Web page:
Charles C. Calhoun's Longfellow gives life, at last, to the most popular American poet who ever lived, a nineteenth-century cultural institution of extraordinary influence and the"e;one poet average, nonbookish Americans still know by heart"e; (Dana Gioia).Calhoun's Longfellow emerges as one of America's first powerful cultural makers: a poet and teacher who helped define Victorian culture; a major conduit for European culture coming into America; a catalyst for the Colonial Revival movement in architecture and interior design; and a critic of both Puritanism and the American obsession with material success. Longfellow is also a portrait of a man in advance of his time in championing multiculturalism: He popularized Native American folklore; revived the Evangeline story (the foundational myth of modern Acadian and Cajun identity in the U.S. and Canada); wrote powerful poems against slavery; and introduced Americans to the languages and literatures of other lands.Calhoun's portrait of post-Revolutionary Portland, Maine, where Longfellow was born, and of his time at Bowdoin and Harvard Colleges, show a deep and imaginative grasp of New England cultural history. Longfellow's tragic romantic life-his first wife dies tragically early, after a miscarriage, and his second wife, Fannie Appleton, dies after accidentally setting herself on fire-is illuminated, and his intense friendship with abolitionist and U.S. senator Charles Sumner is given as a striking example of mid-nineteenth-century romantic friendship between men. Finally, Calhoun paints in vivid detail Longfellow's family life at Craigie House, including stories of the poet's friends-Hawthorne, Emerson, Dickens, Fanny Kemble, Julia Ward Howe, and Oscar Wilde among them.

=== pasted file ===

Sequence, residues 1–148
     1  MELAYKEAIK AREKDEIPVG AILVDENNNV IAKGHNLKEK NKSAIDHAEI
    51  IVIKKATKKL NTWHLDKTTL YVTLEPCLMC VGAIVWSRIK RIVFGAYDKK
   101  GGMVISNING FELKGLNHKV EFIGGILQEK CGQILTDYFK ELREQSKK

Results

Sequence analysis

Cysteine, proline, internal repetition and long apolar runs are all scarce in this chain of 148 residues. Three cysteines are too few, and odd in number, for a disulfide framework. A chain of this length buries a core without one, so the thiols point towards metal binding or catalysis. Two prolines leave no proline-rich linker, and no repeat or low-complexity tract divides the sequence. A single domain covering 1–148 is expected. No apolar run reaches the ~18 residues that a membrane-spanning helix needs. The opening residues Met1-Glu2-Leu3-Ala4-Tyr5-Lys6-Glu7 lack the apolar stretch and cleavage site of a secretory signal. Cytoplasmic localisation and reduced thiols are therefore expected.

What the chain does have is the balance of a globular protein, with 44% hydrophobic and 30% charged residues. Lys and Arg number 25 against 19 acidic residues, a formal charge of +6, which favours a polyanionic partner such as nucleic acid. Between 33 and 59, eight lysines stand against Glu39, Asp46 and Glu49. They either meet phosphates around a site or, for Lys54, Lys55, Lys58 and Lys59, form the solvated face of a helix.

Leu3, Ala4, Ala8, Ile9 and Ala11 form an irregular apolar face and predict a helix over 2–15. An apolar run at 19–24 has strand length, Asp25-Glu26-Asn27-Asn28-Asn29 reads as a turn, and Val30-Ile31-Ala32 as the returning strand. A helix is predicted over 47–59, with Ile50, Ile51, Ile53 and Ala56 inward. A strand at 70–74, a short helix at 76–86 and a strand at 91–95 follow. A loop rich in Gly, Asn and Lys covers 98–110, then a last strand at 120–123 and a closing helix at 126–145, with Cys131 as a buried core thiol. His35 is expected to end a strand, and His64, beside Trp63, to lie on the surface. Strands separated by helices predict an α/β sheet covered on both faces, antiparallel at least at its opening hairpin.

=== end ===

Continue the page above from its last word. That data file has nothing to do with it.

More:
A Rediscovered Life